Ground breaking case – holiday pay includes overtime
The Employment Appeal Tribunal ruled yesterday:
- Payments of overtime (including non-guaranteed) are part of a worker’s normal remuneration and should be included when calculating holiday pay;
- Other payments, for example payments for time spent travelling, should be included when calculating holiday pay.
- Depending on the contract payments in lieu of notice should include overtime.
- A worker can make a claim for unlawful deductions retrospectively but the chain in a series of deductions will be broken if there is longer than 3 months between each deduction.
Whilst this decision could have a huge impact on employers that rely heavily on worker’s working overtime, or employer’s who pay regular commission, the following should be born in mind when dealing with worker’s requests for extra holiday pay:
- Is the additional pay, for example overtime, part of the employee’s normal pay – is pay normally received by the worker? The payment must be made for a sufficient period of time to justify normal pay. Beware that if there is a pattern of work that is regular there will be no question over whether overtime constitutes normal pay.
- The judgment significantly limits retrospective/backdated claims for additional holiday pay. In summary such a claim must be brought within 3 months of the last deduction i.e. last time holiday was paid only based on basic pay. It is possible for a worker to bring an unlawful deduction claim for a series of deductions. In this type of claim the case must be lodged with the tribunal within 3 months of the last deduction, no matter how long had passed in between deductions. In this judgment it was confirmed that if there is a gap of more than 3 months between 2 deductions the chain in the series of deductions is broken.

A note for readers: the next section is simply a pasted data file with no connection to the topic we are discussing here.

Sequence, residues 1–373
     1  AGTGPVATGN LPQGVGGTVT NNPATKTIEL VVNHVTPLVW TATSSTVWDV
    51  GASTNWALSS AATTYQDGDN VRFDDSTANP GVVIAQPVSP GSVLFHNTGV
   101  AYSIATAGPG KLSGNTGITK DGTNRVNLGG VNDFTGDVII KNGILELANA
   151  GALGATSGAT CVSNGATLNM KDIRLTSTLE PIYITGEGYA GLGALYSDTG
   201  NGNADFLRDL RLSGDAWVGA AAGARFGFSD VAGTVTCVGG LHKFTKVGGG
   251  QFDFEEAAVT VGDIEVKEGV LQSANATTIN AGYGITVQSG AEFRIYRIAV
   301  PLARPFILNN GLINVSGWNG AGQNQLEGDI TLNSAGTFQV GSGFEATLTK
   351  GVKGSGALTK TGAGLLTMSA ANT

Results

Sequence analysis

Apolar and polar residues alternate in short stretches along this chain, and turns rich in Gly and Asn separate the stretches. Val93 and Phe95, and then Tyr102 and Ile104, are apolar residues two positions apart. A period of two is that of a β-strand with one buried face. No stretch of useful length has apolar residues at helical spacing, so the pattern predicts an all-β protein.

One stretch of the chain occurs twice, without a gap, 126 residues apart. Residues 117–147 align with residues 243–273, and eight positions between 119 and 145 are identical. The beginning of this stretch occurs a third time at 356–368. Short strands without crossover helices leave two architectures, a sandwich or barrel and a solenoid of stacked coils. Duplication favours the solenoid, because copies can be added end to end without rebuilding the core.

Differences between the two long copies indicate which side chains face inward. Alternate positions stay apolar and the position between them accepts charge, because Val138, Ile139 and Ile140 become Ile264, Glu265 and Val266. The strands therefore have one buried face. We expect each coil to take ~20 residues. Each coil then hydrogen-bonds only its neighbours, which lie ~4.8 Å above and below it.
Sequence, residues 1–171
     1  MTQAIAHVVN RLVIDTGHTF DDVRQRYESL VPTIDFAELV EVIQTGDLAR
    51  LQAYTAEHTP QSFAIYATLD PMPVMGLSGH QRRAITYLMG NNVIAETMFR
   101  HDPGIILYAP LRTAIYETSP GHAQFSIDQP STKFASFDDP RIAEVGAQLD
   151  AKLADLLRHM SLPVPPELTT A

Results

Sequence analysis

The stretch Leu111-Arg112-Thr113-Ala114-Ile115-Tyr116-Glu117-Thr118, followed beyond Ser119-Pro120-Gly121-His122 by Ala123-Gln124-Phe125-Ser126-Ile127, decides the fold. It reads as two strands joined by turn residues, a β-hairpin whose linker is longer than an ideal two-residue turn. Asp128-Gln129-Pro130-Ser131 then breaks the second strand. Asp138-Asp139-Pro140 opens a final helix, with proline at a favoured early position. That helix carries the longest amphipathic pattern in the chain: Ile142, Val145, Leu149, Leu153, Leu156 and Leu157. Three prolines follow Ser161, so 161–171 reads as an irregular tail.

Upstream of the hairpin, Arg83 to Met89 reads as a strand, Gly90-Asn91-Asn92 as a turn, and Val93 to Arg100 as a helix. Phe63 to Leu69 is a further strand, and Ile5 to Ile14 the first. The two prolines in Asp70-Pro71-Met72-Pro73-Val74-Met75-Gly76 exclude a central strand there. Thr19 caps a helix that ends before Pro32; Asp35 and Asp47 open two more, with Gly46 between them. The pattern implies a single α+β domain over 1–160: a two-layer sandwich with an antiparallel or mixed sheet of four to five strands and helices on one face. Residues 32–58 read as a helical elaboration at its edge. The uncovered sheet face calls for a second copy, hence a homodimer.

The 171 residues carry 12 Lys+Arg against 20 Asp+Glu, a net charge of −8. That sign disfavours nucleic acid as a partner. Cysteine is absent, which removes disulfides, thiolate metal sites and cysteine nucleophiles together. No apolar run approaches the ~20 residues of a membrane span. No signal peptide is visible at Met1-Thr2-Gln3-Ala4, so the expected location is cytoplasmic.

- If an employer refuses to increase holiday pay, the worker will then be left with the option to make a claim in the employment tribunal. This could be costly and risky for an employee, particularly as there is likely to be a further appeal of this decision, meaning that by the time that the employee’s claim is heard the law could be different.
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